Having been in the business of public life for many years, Mr Ford knows exactly what he is saying when he says: "...this is not public policy..."
Q: What do you think is the hardest part of the job?
A: "It is a very tight timeframe. That is my skill. I have delivered projects and this is a technical process. This is not public policy. This is following project guidelines and delivering on time."
This is a significant answer. Some of us might think there will bejust a little public policy involved in sorting our service procurement arrangements when there is just one buyer. For example, at present roadside rubbish collection, footpath paving, pothole filling - etc, are services that are subcontracted at present by Auckland's four city councils. There are several service providers, in competition with each other, to win those lucrative contracts.
When there is suddenly just one buyer, the rather thorny issue of competition policy raises its head. Mega mergers tend to disable competition. The free-market gets threatened. There will be a need for a bit of public policy to think that one through....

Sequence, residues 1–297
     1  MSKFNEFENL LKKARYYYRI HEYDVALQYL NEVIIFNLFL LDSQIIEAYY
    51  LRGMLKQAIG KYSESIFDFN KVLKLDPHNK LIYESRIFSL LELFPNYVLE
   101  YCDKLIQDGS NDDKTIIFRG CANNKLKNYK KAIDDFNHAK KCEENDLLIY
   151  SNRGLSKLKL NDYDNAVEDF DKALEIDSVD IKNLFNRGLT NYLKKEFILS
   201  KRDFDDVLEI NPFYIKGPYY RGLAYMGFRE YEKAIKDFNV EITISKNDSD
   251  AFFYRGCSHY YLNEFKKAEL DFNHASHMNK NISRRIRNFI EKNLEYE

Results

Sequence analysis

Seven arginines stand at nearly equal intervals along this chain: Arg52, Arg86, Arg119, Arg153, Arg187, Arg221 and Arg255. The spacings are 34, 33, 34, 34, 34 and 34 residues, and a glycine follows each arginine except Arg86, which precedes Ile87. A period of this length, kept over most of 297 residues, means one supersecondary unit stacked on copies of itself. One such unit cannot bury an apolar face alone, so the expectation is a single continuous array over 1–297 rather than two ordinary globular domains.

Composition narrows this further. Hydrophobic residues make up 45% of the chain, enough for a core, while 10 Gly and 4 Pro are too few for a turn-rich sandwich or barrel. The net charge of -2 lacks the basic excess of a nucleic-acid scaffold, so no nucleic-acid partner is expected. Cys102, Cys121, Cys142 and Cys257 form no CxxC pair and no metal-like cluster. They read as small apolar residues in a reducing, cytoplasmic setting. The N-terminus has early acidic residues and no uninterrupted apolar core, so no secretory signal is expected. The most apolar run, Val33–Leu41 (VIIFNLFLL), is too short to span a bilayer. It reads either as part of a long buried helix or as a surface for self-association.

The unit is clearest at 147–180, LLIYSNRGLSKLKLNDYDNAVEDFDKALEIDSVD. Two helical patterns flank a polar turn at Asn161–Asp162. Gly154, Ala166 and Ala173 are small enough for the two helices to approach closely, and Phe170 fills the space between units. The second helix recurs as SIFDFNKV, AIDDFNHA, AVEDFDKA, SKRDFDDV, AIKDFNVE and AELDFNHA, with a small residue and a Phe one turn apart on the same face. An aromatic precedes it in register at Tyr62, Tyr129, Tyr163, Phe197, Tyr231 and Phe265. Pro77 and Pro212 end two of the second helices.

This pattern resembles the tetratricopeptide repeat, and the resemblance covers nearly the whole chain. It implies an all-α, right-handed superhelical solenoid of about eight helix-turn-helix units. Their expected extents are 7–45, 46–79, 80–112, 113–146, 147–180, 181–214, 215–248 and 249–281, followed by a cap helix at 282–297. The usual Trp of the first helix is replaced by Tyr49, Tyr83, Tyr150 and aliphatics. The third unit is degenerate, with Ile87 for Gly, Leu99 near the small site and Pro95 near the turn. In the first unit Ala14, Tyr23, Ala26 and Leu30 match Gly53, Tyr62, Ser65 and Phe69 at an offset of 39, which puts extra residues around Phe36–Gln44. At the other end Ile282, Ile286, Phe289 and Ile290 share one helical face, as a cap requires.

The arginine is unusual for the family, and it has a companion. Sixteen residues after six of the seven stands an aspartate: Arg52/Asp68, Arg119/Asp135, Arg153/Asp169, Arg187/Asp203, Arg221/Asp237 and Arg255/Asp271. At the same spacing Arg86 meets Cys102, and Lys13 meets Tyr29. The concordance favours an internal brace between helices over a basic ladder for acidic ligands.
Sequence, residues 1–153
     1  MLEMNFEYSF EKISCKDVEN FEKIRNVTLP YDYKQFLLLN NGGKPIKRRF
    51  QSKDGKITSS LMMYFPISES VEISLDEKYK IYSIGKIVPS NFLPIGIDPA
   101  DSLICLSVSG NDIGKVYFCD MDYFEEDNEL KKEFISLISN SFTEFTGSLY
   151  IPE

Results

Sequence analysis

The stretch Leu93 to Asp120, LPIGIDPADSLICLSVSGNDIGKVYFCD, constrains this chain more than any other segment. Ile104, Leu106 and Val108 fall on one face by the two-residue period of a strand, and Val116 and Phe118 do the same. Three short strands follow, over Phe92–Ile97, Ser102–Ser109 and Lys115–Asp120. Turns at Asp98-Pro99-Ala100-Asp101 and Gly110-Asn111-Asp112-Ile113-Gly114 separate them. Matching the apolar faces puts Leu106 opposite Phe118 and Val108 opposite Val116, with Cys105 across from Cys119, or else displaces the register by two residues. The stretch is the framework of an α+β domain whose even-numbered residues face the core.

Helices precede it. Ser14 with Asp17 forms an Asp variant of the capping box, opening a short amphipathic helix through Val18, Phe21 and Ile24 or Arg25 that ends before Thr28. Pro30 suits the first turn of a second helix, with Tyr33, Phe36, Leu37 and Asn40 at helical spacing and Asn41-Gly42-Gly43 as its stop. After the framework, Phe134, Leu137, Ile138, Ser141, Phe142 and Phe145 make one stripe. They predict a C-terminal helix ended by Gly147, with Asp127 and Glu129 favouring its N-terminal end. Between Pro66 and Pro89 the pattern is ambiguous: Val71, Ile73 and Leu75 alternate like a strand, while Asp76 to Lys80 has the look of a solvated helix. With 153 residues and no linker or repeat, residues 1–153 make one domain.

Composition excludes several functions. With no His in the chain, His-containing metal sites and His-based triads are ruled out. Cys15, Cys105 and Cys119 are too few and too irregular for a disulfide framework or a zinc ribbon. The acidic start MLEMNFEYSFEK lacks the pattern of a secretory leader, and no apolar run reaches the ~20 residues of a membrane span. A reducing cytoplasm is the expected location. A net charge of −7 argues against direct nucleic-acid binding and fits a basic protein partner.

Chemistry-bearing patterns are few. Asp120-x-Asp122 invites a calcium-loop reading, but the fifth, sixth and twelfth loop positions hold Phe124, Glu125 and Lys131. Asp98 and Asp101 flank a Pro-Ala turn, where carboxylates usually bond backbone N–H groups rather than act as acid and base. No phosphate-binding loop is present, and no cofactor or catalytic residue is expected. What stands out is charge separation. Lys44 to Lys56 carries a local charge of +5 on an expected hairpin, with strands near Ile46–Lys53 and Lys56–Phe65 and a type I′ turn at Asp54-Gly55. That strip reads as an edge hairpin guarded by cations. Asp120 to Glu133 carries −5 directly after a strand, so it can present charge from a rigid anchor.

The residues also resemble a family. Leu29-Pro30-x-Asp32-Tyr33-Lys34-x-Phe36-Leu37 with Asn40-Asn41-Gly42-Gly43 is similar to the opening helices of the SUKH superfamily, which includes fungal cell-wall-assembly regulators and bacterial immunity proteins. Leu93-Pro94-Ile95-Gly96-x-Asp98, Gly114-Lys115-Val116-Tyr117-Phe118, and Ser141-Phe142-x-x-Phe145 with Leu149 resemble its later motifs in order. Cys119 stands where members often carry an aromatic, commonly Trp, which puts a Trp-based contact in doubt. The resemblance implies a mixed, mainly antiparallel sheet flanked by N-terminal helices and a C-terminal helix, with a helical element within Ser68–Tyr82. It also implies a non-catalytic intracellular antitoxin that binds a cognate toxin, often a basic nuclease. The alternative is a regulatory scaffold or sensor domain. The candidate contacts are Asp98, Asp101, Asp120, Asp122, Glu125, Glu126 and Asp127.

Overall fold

But broadly, I'd like to agree with the sentiment expressed by Mark Ford. Whatever I might think of the whole governance restructuring thing, I definitely agree that the public policy objectives, purposes, goals and etc of that thing, must be the responsibility of Central Government. There should be no possibility of blame for this being dumped on the Transition Agency. In a sense it is acting as Government's hatchetman. Doing a job that must be done. Acting under orders. Government orders. Government determined public policy.
So how about letting us know what that is? So we all know.
It's called transparency. Or is there really no solid public policy behind this restructuring?
Is it being made up from week to week?